In brief: Wal-Mart announces new CEO, president
BENTONVILLE, Ark. – Wal-Mart Stores Inc. is ushering in a changing of the guard as the world’s largest retailer confronts slower growth and challenges to its reputation.
Doug McMillon, 47, head of Wal-Mart’s international division, will succeed CEO and President Mike Duke, 63, when he steps down on Feb. 1 after five years in those roles. McMillon, a 23-year company veteran, will become the fifth CEO since Wal-Mart’s founder, Sam Walton.
The change at the top is indicative of a recent shift in strategy at the company best known for its cutthroat pricing and big box stores.
The move also is a testament to the company’s continued focus on its international division. McMillon, who started at the company in 1984 as a summer intern, left and came back in 1990 to work at a Wal-Mart store before holding several jobs, including a three-year stint as president and CEO of the Sam’s Club division.
J.C. Penney chief puts $1 million into stock
PLANO, Texas – J.C. Penney CEO Mike Ullman seems confident the slumping retailer will bounce back during the holiday shopping season.
Ullman showed his faith by buying 112,000 shares at $8.95 apiece at the end of last week. The $1 million investment disclosed Monday comes as Ullman tries to snap Penney out of a funk that has seen the Plano, Texas, company lose more than $2.4 billion since late 2011.
The financial misery prompted Penney to fire Ron Johnson in April and bring back Ullman for a second stint as its CEO.
Penney’s woes have caused the company’s stock to plunge by 53 percent so far this year. The shares closed at $9.19 Monday.
Things are so bad that the retailer is being booted from the S&P 500 index this Friday.
GE closes in on fix for engine ice chunks
General Electric said Monday that it is close to a solution for engines that are losing power for a few seconds after ingesting ice chunks as big as a half-gallon.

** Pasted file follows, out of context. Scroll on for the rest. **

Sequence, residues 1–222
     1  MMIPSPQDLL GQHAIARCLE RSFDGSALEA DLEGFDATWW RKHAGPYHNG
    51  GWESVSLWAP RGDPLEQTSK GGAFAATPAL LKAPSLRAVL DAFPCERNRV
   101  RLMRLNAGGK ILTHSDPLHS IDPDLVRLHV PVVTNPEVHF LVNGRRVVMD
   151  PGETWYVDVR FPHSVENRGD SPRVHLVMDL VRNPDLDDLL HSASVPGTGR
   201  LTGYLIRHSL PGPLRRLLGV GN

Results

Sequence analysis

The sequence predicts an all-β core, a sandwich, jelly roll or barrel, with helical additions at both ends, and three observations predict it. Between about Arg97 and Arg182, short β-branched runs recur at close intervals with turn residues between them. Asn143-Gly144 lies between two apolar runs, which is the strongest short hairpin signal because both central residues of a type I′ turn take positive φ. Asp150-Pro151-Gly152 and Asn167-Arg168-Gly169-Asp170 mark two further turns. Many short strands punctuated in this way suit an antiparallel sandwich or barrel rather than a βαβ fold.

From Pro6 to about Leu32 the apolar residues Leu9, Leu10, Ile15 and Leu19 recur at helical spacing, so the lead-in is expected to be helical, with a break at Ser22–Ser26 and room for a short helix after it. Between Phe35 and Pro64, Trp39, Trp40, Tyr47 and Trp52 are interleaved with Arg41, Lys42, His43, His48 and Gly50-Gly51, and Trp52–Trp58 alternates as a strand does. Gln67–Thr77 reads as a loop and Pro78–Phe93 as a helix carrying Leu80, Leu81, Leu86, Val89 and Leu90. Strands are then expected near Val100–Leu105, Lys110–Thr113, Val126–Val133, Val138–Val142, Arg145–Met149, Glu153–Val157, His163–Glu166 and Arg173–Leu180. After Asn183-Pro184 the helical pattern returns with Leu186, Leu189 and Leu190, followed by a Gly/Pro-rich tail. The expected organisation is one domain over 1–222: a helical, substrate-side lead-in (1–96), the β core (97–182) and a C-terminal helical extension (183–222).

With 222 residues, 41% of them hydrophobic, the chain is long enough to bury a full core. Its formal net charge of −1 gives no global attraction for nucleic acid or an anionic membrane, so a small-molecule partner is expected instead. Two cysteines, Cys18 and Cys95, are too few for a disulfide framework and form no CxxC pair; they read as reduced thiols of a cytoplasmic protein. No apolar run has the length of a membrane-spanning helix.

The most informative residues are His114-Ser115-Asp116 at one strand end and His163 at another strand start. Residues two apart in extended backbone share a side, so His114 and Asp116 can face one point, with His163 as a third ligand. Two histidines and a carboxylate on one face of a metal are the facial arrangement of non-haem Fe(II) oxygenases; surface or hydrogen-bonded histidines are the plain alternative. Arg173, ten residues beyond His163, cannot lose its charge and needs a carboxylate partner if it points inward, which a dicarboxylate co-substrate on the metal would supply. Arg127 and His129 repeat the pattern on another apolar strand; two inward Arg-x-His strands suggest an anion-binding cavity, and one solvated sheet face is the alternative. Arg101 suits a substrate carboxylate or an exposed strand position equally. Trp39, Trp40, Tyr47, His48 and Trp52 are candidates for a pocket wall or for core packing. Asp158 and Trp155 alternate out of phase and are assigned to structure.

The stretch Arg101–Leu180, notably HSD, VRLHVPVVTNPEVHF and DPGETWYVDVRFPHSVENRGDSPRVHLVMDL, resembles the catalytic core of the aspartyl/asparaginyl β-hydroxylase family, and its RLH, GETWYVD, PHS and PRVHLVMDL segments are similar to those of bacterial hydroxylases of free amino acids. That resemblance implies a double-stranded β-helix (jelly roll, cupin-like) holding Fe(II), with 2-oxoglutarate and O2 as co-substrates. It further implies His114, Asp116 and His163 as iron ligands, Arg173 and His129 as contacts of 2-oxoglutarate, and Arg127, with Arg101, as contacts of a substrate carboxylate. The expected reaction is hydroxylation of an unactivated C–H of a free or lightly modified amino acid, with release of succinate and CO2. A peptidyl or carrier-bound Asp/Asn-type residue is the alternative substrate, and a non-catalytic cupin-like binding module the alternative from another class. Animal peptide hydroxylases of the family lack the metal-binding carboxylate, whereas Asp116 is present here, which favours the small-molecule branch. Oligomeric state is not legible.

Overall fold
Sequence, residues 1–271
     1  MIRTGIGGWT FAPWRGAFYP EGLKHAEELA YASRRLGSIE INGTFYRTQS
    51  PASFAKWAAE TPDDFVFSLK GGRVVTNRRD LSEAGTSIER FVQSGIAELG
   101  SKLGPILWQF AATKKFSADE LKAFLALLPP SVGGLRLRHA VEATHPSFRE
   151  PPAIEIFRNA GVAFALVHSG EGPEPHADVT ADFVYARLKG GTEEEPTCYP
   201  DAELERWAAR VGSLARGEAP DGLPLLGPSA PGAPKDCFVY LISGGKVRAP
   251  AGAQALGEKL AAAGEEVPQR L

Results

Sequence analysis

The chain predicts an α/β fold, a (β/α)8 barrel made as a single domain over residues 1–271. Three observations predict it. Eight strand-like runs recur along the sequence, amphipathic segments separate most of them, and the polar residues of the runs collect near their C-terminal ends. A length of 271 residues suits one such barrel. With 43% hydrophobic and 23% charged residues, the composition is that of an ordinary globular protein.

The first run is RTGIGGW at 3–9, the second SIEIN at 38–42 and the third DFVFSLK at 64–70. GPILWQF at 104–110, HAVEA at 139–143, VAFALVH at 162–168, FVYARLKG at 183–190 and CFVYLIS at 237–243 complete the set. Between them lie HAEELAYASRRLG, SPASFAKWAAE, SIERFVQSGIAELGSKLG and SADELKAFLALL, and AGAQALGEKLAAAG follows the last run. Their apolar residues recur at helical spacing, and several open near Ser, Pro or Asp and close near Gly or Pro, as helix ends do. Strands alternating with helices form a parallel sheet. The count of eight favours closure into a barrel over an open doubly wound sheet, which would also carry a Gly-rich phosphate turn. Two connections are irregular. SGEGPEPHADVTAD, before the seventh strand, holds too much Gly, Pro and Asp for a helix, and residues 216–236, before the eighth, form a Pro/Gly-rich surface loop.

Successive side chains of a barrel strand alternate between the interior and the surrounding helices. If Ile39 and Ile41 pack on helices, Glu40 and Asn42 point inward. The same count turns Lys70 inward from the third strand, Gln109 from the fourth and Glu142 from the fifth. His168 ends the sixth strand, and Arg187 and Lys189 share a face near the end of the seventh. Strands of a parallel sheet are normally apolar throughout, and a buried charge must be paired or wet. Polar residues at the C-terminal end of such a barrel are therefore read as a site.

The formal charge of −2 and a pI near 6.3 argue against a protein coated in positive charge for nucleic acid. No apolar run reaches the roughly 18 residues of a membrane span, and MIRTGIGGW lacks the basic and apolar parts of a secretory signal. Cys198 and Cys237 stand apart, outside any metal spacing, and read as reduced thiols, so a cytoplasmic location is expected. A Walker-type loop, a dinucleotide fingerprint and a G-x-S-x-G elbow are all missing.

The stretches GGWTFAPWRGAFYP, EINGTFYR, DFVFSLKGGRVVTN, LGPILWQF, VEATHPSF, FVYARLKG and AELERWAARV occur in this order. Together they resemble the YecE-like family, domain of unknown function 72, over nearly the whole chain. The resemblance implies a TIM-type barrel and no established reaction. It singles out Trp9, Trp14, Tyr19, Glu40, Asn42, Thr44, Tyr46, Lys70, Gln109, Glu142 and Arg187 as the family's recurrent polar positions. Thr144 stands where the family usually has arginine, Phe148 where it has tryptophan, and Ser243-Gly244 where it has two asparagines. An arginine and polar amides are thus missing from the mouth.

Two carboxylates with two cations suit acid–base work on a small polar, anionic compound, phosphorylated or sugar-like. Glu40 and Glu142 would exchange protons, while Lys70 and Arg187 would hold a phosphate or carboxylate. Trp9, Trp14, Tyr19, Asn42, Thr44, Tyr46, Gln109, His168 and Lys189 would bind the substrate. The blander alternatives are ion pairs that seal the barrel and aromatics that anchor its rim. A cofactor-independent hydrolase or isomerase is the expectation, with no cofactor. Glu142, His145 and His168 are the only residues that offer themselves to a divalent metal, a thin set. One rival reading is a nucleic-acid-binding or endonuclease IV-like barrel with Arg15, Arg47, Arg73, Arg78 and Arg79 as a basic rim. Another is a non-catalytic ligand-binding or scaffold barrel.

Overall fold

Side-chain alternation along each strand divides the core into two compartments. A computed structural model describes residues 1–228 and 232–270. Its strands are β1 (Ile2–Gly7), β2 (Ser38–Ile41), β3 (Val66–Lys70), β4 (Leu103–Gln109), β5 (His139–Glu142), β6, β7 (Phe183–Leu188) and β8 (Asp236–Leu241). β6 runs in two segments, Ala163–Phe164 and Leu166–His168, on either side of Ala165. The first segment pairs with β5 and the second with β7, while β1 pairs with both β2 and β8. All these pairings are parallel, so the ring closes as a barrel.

The problem came to light over the weekend after Japan Airlines said it will stop using its new Boeing 787s on some routes.
The problem has surfaced on about 400 GE engines used on some 787s and all Boeing 747-8s.
GE said it knows of six incidents since April where those engines lost thrust because of icing. The problem is that in some weather conditions, the engines take in ice crystals which then thaw and refreeze. Those ice chunks can grow to 2 to 4 pounds and eventually come loose and get sucked into the engine’s core.
GE said the engines lost power for about five seconds each time.
“If you were in the plane you wouldn’t even notice it,” GE spokesman Rick Kennedy said.
The plane’s owners noticed. The ice chunks damaged at least one engine on a 747-8 freighter, Kennedy said, but all quickly regained power and the planes were able to land at their planned airport.
Ratings firm Nielsen buys Harris Interactive
Consumer research and TV ratings firm Nielsen agreed to buy market research firm Harris Interactive for about $116.6 million, saying it will help it provide insights to customers.
Harris Interactive said Nielsen agreed to pay $2 per share, but the price may change. The per-share amount is 4 percent below Harris Interactive Inc.’s $2.08 Friday closing price.
The transaction is expected to close in the first quarter.